Forte dei Marmi, beloved by yachtsmen, is just further down the Ligurian coast from Portofino.
A polished and wealthy seaside enclave for the ultra-well-heeled, it has not shortage of high end hotels and restaurants. We visited at the tail end of the summer season when temperatures start cooling down in the evenings and tables don’t necessarily have to be booked. The sun is still shining in late September but the place is more relaxed and laid back than at the height of summer.
Hotel Principe would appeal to those with a taste for a minimalist, pared down luxury. The wooden floors add warmth to the largely eggshell interior whose slick curves, high tech lighting, modern sculptures and oversized sofas are arranged open plan style and leading to a very pretty garden mostly laid to grass. More sofas, a children’s corner and an equally slick pool, overlooked by an outside wrap round dining deck complete this symphony of contemporary living.
The rooms are designed with the same minimalist chic. We loved the round sofa on which one can curl up while having a bottle of chilled rose from the special wine cooler above the minibar. We also loved the power shower and ultra-thick branded towelling robes – even though one has come to expect the best of 5 star hotels, some of life’s little comforts are better in some places than in others.
Where the Principe really comes into its own, however, is the food.
The management has made a very important investment in the person of resident chef Valentino Cassanelli whose relative youth (28) belies a very considerable talent.
Lux Lucis restaurant
Our dinner was a veritable tour de force of creativity and a full gamut of flavours, from the subtle to the robust.
The amuse bouche consisted of ‘Mary’ (baby) tomatoes that had been steeped in Bloody Mary spices and basket shaped rice crackers filled with salmon roe.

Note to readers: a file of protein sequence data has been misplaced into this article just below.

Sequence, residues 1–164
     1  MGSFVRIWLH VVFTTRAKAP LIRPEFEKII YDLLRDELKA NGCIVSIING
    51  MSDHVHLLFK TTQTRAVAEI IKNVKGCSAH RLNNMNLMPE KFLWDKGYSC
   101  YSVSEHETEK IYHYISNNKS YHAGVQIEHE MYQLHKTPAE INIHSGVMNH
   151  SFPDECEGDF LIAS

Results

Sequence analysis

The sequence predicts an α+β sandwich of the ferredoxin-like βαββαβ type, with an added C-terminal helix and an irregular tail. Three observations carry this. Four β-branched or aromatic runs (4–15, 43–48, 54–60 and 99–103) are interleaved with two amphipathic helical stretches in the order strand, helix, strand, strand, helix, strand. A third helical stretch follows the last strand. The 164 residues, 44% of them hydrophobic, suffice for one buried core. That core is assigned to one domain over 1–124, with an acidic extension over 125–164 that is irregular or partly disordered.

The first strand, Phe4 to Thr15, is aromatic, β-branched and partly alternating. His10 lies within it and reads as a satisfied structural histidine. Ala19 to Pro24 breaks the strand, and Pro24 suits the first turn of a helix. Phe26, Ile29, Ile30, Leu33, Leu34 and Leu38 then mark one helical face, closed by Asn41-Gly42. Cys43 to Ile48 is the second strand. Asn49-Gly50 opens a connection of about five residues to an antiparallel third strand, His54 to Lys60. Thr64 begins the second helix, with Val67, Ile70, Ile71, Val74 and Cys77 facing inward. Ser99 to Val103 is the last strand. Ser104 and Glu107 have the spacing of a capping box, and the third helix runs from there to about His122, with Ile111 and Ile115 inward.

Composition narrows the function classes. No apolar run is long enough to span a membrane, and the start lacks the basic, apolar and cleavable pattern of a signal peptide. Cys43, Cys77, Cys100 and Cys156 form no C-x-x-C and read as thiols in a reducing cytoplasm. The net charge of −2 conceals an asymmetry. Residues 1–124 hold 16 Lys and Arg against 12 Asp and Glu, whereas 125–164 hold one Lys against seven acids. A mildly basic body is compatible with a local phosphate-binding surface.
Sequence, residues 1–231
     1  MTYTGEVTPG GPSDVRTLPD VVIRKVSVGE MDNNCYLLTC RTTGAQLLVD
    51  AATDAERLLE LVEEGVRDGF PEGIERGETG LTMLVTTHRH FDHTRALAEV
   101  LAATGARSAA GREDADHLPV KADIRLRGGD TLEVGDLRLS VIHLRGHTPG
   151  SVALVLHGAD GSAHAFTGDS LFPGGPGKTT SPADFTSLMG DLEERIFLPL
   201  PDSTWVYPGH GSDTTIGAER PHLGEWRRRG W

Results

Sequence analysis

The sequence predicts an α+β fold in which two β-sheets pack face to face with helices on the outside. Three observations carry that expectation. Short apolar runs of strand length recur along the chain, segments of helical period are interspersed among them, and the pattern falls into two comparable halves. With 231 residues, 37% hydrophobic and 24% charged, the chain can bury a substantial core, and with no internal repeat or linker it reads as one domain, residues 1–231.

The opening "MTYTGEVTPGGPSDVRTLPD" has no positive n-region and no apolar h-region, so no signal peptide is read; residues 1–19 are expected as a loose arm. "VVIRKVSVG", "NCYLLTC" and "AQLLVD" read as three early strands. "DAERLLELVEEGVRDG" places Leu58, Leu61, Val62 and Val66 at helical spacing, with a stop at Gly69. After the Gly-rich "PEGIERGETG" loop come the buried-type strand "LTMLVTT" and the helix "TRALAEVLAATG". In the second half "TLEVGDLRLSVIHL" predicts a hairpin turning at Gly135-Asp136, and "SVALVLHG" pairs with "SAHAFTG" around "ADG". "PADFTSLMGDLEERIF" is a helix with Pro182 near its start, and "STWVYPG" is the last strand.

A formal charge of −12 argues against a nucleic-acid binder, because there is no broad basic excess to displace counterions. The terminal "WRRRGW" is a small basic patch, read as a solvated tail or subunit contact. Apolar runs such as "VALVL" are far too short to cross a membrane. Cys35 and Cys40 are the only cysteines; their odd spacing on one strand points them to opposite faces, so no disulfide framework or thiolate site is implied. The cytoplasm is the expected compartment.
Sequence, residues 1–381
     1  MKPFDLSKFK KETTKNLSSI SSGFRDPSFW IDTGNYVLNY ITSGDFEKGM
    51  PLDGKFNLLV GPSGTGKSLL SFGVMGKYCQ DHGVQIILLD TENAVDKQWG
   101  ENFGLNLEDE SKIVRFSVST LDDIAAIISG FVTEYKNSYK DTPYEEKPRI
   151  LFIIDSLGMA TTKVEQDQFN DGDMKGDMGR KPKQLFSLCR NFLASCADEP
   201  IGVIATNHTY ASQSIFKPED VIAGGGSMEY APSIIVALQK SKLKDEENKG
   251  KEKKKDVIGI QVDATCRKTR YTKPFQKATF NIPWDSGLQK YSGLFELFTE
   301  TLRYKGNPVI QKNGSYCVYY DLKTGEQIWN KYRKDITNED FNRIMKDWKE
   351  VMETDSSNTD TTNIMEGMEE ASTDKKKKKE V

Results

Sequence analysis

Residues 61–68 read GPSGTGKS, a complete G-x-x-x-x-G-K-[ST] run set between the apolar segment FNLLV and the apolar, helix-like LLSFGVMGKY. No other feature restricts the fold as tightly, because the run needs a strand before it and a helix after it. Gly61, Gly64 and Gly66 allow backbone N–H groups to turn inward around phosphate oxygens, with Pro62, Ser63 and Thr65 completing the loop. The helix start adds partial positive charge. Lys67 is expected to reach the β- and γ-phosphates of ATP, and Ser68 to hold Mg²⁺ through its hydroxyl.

This was accompanied by a Domaine Alice Beaufort Petit Beaufort Brut 2011, an outstanding sparking rose that my fellow diner raved about.
We did inquire about the ‘Mary’ tomatoes the following morning, which is why I am able to describe their preparation. What I cannot describe with words is the very intense deliciousness of them.
Course number 2 was cockles, topinambur and pomegranate, presented (as many of Cassanelli’s dishes are) on a stone slab. A very delicate dish, cooked to an absolute perfection – quite a feat where cockles are concerned as they tend to be somewhat stringy.
The three carrot dish (Carota, carota e carote) sounds like simplicity itself and quite probably is, except for the chef’s virtuosic ability to inject glamour into the basics. It comes as a carrot mousseline, a whole caramelised carrot and another mini one, hence carota, carota e carote.
At this point we switched to the perennially reliable Domaine Ott rose (Romassan Coeur de Grain Rose 2012) which also accompanied course number 4, the Panzanella di mare.
Panzanella di mare is a Tuscan shell fish stew that makes use of stale bread. In chef Cassanelli’s kitchen, the simple but flavoursome dish is reinterpreted once again as an art form and served with some seriously delicious bread rolls on the side – some made of chick pea flour, others simply with added Tuscan oil, another in the shape of a crisp baked with quinoa grains…
Course number 5 is chickpea tagliolini with scampi, tiny sea asparagus and black truffle. Clearly cooked in seafood broth and the best olive oil, the pasta bursts with flavour. We have, at this point, moved on to a darkly delicate Sicilian red, Donnafugata Mille e una Notte 2004. I could come up with a thousand and one pretentious descriptions of the wine, dear reader, but that wouldn’t be me.